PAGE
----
The Wall Street Journal reported that Best Buy seeks to draw in more females with Liz Claiborne accessory bags -- think computer bags, cases for Apple's
Liz Claiborne does have some hotter, younger brands, including Juicy Couture, Lucky, and Kate Spade (although the Kate Spade resigned her post as designer recently. Uh-oh.). But can Liz Claiborne's brands do much to tantalize the choosy female shopper -- or even lure her to come into Best Buy in the first place? I'm not so sure. Incidentally, Liz Claiborne didn't comment on the deal with Best Buy, so there are few details on the merchandise.
It's not surprising that Best Buy wants to better serve the female demographic. The company has long had its "customer-centric" approach in place, including stores that are specially geared toward certain slices of the consumer-electronics buying world, like soccer moms or hardcore geeks. That very "customer-centric" approach is precisely why I think it has an advantage over other electronics retailers, including Circuit City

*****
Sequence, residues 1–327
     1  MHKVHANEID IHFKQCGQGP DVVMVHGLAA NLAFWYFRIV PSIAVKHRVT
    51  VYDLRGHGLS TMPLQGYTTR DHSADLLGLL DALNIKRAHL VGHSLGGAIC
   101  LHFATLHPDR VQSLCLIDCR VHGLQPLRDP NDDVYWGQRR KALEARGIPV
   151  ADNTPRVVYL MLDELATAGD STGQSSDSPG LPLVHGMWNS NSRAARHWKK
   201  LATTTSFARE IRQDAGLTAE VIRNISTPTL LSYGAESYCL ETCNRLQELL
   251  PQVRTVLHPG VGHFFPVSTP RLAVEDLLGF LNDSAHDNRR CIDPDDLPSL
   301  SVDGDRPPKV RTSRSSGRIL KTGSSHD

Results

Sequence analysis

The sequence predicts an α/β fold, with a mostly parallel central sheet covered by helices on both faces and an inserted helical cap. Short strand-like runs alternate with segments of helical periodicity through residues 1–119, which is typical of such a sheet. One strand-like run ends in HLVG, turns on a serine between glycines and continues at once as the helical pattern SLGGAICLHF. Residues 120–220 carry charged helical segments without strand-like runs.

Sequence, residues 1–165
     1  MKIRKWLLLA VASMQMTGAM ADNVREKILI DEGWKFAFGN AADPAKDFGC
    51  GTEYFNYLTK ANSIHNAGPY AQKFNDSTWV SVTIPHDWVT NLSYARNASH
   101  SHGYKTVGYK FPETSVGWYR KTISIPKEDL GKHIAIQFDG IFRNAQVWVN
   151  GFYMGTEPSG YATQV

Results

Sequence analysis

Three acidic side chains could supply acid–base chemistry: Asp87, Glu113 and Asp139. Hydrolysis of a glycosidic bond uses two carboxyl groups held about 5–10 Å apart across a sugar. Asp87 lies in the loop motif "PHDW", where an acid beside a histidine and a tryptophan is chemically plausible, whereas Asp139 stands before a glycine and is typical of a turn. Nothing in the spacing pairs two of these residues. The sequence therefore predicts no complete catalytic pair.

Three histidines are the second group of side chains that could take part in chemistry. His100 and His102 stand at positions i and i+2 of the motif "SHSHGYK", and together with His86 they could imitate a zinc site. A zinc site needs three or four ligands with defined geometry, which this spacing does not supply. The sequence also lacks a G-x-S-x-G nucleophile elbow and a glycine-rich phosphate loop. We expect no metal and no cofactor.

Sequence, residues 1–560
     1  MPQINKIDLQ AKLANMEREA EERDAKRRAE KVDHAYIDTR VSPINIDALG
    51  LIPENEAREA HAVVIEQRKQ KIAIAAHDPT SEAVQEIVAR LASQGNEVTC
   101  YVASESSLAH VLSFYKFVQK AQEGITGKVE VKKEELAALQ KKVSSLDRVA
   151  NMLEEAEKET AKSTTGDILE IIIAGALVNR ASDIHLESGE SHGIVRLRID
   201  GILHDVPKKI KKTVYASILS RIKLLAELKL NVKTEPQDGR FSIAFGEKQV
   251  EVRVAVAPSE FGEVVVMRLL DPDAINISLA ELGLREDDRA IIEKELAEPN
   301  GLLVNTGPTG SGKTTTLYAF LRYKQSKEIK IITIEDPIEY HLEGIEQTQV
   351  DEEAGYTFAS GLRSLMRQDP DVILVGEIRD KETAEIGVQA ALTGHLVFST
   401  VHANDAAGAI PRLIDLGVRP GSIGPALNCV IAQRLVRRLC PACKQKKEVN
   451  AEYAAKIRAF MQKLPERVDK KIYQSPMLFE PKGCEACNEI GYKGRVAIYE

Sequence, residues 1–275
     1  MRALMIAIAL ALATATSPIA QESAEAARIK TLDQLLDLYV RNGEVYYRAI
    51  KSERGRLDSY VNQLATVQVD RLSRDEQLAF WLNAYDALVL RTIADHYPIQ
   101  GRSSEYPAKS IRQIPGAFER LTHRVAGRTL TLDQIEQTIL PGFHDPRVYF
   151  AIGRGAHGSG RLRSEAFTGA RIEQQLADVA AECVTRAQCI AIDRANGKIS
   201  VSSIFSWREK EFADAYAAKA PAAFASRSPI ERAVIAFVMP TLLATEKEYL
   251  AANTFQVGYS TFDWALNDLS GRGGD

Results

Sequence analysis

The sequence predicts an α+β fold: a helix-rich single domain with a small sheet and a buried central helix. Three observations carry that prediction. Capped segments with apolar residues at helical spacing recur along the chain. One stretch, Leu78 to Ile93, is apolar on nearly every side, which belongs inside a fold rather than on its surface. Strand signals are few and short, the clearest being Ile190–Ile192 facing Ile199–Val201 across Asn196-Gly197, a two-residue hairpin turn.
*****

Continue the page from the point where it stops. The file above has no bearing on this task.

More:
And of course, increasing customer traffic isn't the only reason Best Buy would like to better cater to women. The company said the Consumer Electronics Association has given women credit where it's due -- right at the wallet. Not only do they represent more than half of the spending on electronics each year here in the U.S., but apparently they also "influence" 90% of electronics purchases. The influencing part doesn't surprise me, but that 90% figure is much more formidable than I would have imagined.
OK, so sure, I did admire a Kate Spade iPod holder a while back ... but I ended up settling on a more utilitarian Belkin holder from Target
Don't get me wrong -- it makes a lot of sense that Best Buy's aiming for a greater share of female shoppers, and I'm not underestimating the retailer's power over the long term. However, this particular move doesn't strike me as a very dazzling innovation toward getting the attention of more women.
Alyce Lomax does not own shares of any of the companies mentioned.